PXTL attributes

As well as elements in the PXTL namespace, there are attributes from the PXTL namespace, which you can use on any other elements to alter them.

Conditional attributes

The conditionals px:if, px:elif, px:anif, px:orif and px:else are also available as attributes. But they work slightly differently when you include a PXTL conditional attribute on an element:

<a href="index.html" px:if="currentPage!='home'">
  <img src="/img/nav/home.gif" alt="home" />

The contents of an element that has a PXTL conditional attribute will always be included in the document. However, if the attribute ends up with an unsuccessful result (ie. a px:if attribute’s value evaluates to false), the element itself is removed from the document, and replaced by its children.

So, in the above example, there will always be a ‘home’ image. However, only if the currentPage variable is something other than 'home' will the image be in a clickable link.

When using px:else, px:elif, px:anif and px:orif attributes, the ‘previous clauses’ they look at are parent elements with conditional attributes, rather than earlier siblings. So with conditional attributes, the if...else clauses are nested rather than one after another as with the elements.

<ul px:if="isCountable">
  <ol px:else="">
    <li> item </li>

In this example, the list item will be contained in either an ordered or unordered list, depending on the value of isCountable. Else-clauses do not need conditions, so any contents put in the value of a px:else attribute are ignored.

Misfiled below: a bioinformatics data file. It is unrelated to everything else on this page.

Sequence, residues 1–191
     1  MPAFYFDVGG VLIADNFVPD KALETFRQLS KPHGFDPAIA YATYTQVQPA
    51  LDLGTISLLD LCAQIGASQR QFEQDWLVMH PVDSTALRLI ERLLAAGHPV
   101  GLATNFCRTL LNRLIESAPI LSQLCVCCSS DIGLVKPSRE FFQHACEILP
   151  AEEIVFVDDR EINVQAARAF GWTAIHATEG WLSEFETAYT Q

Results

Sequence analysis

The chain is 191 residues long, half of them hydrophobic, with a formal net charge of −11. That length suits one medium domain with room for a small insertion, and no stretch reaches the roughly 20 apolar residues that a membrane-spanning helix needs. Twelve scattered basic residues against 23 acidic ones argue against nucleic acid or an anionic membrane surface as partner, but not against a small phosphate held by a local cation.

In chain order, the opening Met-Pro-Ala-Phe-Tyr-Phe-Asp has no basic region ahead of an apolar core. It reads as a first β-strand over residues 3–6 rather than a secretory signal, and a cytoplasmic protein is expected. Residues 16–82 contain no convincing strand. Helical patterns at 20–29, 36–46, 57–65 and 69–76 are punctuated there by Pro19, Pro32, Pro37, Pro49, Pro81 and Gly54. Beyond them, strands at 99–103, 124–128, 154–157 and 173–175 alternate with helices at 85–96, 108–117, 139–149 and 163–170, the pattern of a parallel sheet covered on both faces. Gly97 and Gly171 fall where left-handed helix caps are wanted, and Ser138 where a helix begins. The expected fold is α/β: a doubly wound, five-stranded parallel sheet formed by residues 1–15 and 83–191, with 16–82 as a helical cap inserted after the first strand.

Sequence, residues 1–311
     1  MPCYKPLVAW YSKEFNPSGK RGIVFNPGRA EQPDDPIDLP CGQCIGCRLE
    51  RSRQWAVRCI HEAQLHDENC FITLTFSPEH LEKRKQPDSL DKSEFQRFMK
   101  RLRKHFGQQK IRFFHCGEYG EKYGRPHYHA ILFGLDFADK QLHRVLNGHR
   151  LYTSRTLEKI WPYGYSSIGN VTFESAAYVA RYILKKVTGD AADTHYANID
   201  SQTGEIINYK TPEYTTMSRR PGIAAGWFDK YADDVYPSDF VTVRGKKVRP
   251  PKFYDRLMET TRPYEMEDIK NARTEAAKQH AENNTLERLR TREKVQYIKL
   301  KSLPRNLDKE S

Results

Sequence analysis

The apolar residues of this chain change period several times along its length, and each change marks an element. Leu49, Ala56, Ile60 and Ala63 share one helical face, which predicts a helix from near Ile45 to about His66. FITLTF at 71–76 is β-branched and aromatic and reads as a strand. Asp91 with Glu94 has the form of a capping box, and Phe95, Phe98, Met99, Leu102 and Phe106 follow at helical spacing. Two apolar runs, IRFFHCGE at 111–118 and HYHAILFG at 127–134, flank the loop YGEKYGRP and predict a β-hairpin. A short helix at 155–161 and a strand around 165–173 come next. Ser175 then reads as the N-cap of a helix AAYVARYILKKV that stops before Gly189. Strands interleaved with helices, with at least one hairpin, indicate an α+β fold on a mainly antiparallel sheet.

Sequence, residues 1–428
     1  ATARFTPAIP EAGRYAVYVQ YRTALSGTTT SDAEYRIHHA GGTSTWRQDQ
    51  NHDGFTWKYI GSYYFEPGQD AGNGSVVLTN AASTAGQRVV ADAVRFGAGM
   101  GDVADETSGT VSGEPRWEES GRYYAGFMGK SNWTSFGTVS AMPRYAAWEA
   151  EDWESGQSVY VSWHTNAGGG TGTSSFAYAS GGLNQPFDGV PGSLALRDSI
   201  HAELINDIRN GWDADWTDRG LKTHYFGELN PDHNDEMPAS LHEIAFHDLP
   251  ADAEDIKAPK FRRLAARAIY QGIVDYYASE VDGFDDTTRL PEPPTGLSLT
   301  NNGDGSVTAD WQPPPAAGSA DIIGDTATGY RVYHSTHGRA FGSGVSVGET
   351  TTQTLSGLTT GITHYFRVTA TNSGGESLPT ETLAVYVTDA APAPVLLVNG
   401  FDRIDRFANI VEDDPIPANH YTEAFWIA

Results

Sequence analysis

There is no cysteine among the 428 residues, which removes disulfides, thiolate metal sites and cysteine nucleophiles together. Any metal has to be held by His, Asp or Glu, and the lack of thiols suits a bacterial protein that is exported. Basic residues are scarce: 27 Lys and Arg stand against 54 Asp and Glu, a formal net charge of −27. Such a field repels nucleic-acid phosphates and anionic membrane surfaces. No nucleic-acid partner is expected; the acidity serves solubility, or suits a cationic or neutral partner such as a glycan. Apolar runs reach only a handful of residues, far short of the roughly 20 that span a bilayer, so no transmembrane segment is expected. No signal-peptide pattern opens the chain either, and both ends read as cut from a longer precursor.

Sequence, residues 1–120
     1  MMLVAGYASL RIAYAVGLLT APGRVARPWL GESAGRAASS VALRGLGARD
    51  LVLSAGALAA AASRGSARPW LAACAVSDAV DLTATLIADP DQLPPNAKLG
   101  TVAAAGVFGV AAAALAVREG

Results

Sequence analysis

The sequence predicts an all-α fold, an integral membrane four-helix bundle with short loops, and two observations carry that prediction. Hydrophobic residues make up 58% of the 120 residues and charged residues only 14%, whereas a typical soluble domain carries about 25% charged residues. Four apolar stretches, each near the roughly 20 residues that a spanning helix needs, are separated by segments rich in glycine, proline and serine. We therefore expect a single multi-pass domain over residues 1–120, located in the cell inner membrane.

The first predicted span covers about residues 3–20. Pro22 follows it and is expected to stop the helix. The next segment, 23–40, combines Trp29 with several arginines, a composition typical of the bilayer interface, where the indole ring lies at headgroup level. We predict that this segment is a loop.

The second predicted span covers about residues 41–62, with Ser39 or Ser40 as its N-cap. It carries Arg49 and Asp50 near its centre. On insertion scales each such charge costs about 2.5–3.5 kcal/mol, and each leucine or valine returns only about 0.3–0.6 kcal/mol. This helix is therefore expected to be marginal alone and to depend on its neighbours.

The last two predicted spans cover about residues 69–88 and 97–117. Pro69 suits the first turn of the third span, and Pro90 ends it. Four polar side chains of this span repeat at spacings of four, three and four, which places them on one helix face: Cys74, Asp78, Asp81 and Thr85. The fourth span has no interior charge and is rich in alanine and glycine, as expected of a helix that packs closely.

Alteration attributes

Elements can be altered in-place with the px:tagname and px:attr attributes.

The px:tagname attribute simply changes an element’s name to an evaluated Python string expression. This can include a namespace prefix if you like.

<h1 px:tagname="'h'+str(headLevel)">Info</h1>

In this example the h1 tag name is always overwritten by the results of the expression, eg. ‘h3’.

Similarly, px:attr can be used to add, change or remove any attribute on the element. Its value should be a mapping from attribute name string (possibly including a namespace prefix) to either None, in which case no attribute is added, and any existing attribute of the same name is removed, or a value that will be used as the new string value for that attribute.

The following example writes an anchor that should still work in very old browsers that don’t understand the id attribute.

<?px :
  anchorAttr= 'id'
  if browserinfo.getHtmlLevel()<4:
    anchorAttr= 'name'

<a px:attr="{anchorAttr: 'foo'}">About foo</a>

Whitespace control

Sometimes excess whitespace is a problem. There are places where two tags must be written with no space in between; unfortunately, writing documents with no whitespace can lead to code that is difficult to read.

For this case, PXTL offers the px:space attribute. It can be specified on any element, even special PXTL elements. If the attribute has a true value, all whitespace in the element will be preserved. If a false value is used, any whitespace that isn’t part of some stretch of non-whitespace text will be removed. If the attribute is not specified, or has the value None, whitespace settings are the same as the parent element; by default, the root element preserves whitespace.